You can mean just about “anything” when you use the word “extension.” You could be talking about hair, computer files, deadlines…
The extension I’m referring to is none of the above. It’s the University of Illinois Extension. It’s a valuable program that reaches out to many, many counties in Illinois. I’ve been personally involved with plenty of Extension work in my home county, and feel very strongly about the benefits of the Extension programs offered there.
First off, the Extension Office is generally where 4-H is run from. Your community clubs are part of a collective county group. The county group (and the community clubs) all report to individuals who work for the Extension in Youth and Development (or a similar area).
Alright, so, you may have heard of 4-H. It’s not some big secret. In fact, it’s a fairly well-known organization. But what about other Extension programs? Well, the Extension actually does a lot.
Illinois Extension programs also fit into the areas of agriculture outreach, horticulture, education, nutrition, natural resources & environment, community development, and energy sources. Special clinics, conventions, training sessions, meetings, and clubs are all run to fit these various interests in different ways.
The U of I Extension is a fabulous group. Our county office is directly involved in a lot of agricultural education, where local children are taught about and exposed to the most pivotal industry of their county. The folks at the Kankakee County Extension also hold gardening and home-improvement clinics at least once a month. Their youth programs keep kids out of trouble, and help direct their attention to career development and community service.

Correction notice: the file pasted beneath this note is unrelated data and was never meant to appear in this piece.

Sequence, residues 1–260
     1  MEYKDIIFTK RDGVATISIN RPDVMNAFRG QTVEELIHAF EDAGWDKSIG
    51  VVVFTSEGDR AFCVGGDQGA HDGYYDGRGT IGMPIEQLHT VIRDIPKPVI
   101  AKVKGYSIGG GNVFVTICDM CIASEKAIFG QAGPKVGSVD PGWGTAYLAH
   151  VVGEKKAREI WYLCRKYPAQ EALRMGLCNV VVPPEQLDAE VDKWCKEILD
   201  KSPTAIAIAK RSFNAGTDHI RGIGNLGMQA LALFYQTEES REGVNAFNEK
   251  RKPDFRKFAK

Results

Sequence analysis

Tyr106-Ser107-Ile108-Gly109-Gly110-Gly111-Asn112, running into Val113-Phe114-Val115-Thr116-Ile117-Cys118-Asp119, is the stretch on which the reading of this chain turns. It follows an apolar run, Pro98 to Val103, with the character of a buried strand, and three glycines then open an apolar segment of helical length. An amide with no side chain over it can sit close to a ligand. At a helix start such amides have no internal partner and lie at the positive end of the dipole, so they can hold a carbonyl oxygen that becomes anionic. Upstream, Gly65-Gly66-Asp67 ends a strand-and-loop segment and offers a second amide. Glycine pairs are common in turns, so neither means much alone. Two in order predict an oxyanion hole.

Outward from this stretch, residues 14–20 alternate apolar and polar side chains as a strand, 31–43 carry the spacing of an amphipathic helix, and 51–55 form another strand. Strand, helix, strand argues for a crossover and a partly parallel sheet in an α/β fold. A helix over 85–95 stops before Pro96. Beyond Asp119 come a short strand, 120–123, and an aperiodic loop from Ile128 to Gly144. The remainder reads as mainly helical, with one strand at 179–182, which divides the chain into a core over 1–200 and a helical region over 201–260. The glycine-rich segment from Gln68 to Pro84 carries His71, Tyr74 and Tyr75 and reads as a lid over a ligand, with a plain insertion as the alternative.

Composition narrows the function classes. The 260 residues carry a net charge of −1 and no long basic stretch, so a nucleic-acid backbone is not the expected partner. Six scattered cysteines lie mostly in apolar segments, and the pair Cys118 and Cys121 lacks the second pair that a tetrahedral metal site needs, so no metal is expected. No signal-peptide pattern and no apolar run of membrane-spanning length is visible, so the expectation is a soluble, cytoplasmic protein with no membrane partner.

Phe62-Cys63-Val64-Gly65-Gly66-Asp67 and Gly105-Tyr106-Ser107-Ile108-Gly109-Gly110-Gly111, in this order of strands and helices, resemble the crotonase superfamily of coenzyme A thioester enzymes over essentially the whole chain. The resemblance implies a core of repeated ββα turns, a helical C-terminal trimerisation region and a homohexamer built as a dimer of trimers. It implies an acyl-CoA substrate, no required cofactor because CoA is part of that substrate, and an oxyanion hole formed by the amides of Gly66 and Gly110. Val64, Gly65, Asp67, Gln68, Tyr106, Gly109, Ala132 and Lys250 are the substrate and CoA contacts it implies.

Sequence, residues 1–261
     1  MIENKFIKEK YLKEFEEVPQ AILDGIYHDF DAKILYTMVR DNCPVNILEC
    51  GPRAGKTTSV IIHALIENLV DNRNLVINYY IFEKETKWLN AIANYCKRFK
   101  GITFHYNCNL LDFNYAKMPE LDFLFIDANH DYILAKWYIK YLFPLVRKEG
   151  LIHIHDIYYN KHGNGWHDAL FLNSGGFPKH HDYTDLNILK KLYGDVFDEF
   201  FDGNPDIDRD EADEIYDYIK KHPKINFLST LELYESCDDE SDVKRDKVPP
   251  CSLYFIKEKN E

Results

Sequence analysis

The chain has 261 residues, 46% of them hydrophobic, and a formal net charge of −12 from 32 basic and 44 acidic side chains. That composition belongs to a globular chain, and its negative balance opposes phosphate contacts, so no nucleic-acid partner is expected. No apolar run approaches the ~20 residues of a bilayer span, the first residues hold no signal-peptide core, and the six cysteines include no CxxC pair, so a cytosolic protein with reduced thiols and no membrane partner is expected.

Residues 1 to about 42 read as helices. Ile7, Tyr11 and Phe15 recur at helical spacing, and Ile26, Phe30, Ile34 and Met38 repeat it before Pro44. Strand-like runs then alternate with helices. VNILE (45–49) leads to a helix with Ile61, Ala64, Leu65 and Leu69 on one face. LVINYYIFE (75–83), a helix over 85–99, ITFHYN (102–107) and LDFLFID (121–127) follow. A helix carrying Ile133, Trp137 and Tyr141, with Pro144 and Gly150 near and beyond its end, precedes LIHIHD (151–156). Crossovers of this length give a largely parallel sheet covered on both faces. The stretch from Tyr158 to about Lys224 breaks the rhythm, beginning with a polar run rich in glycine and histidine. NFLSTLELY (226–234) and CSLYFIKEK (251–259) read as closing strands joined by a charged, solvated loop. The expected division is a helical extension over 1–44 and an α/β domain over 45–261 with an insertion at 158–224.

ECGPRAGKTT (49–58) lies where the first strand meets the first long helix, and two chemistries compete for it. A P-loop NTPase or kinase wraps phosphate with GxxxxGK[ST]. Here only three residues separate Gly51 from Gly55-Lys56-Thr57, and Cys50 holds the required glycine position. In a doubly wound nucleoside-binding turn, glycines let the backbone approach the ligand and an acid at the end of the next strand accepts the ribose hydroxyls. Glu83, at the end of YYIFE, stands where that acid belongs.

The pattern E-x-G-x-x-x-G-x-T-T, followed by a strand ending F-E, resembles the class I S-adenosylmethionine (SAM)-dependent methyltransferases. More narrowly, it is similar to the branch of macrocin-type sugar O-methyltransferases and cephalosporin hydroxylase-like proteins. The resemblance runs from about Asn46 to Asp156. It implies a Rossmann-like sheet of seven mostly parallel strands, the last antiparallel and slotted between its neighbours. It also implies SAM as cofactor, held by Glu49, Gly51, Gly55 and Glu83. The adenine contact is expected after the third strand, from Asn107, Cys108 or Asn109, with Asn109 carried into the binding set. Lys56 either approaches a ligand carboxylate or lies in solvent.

Local agriculture programs through the extension include manure management clinics, crop advisory, private applicator training, diagnostics clinics, and pesticide safety groups. They are also part of a network of Illinois livestock-raiser support organizations.
Adults and children alike can benefit from the placement of an Extension program. As far as I know, every state has some extension based from some state school. Every state can benefit from this lovely model. Unfortunately, funding for many state extension programs, (especially Illinois) have been funded. The best way to fight back is to educate yourself and let the legislators know where you’d like your hard-earned money to go.
Don’t let extensions die. Don’t let the opportunities they have to offer pass by, either. If you (or your children) would like to get involved in the community, contact your local extension. For more information on Illinois extension programs, see University of Illinois Extension website here. If you’re curious to see a discussion regarding it join #agchat on Twitter at 7 p.m. Central. Later on, archives of the discussion can be found here.